An assessment of healthcare leadership competencies at Busamed Gateway Private Hospital in Umhlanga.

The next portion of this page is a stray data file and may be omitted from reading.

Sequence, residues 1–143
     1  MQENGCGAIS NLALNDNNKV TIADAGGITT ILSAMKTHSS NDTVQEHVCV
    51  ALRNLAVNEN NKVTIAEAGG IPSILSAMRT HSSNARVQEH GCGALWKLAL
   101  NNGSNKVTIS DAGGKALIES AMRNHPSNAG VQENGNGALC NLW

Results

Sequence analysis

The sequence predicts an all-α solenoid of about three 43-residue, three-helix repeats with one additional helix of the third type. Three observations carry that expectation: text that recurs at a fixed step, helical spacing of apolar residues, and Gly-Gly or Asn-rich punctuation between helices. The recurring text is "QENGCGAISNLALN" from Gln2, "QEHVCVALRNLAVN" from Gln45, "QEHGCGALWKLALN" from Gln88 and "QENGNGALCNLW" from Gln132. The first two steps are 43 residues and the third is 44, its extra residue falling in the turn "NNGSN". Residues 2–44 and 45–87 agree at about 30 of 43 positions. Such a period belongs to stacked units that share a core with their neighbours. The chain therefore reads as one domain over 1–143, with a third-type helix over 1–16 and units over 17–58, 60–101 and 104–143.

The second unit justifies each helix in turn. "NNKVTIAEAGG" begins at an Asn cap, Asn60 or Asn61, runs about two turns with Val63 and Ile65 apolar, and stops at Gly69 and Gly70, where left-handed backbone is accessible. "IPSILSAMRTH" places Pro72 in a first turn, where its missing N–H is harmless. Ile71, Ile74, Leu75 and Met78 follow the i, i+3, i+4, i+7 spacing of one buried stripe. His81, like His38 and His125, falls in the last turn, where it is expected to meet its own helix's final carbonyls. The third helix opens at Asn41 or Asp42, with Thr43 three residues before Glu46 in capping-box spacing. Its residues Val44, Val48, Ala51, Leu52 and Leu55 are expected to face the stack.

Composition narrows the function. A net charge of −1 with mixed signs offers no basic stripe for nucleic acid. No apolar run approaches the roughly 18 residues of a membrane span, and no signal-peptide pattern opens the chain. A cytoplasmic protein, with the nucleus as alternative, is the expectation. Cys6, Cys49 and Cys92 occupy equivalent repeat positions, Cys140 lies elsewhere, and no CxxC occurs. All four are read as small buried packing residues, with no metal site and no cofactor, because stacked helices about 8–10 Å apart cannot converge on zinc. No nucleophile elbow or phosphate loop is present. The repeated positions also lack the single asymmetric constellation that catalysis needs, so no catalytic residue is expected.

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Scholars argue that there is a need to for healthcare managers/supervisors to be talented in management if they are to effectively deal with today’s increasing complicated healthcare environment. Managers/supervisors should work in such a way that they show measurable results and effectiveness to put into practice management operations informed by credible evidence on management. On the other hand, academic and professional programmes are underscoring the need for managers/supervisors to acquire competencies that would make them effective in their workplace. Even then, it remains unknown the competencies of healthcare managers/supervisors in the South African healthcare including managers/supervisors at the Busamed Gateway Private Hospital. Thus, this study was conducted to determine the competencies of healthcare managers/supervisors as a lack of appropriate competencies among healthcare managers/supervisors may be the cause of some of the healthcare challenges faced by the Busamed Gateway Private Hospital. A case study research design was used to guide the study. A quantitative research methodology was used to underpin the study, and census sampling was used to select twenty-four respondents. Data was collected using a questionnaire. Data was analysed with SPSS version 24.0. Generally, findings indicate that managers/supervisors at the Busamed Gateway Private Hospital believe to have communication and relationship management, professionalism, leadership, knowledge of the healthcare system and business skills competencies. However, with regards to communication/relationship management competencies the study indicates that managers/supervisors do not show negotiation competencies. There is a need therefore for managers/supervisors to explore the principles of seeking mutual benefit with employees as this key to a successful leadership in hospitals. With regards professionalism competencies managers/supervisors are strong in ethical and health profession competencies than in other competencies. There is a need for managers/supervisors to consider all professional competencies as important in hospital operation. Findings on healthcare environment competencies show that improving the health system competence is not prioritised, as results managers/supervisors do not have the freedom to implement whole scale changes to the health care system. There is a need to revisit the hospital regulations and laws to allow leaders to be creative and innovative. The study found that leaders lack competencies to organise employees and resources that are critical in the process of delivering health care services. Thus, systems for the management of employees within the hospital should be revisited to maximise employee performance. On leadership competencies, the study found that managers/supervisors do not believe to have mutual trust competencies. Therefore, managers/supervisors lack skills to promote workplace trust. There is a need to run programmes to specifically teach employees on the importance of relationships between internal stakeholders and external stakeholders. This is important because the foundation of all relationships is trust. Without parties trusting each other it will be hard for stakeholders to come to an agreement or consensus on issues affecting the hospital.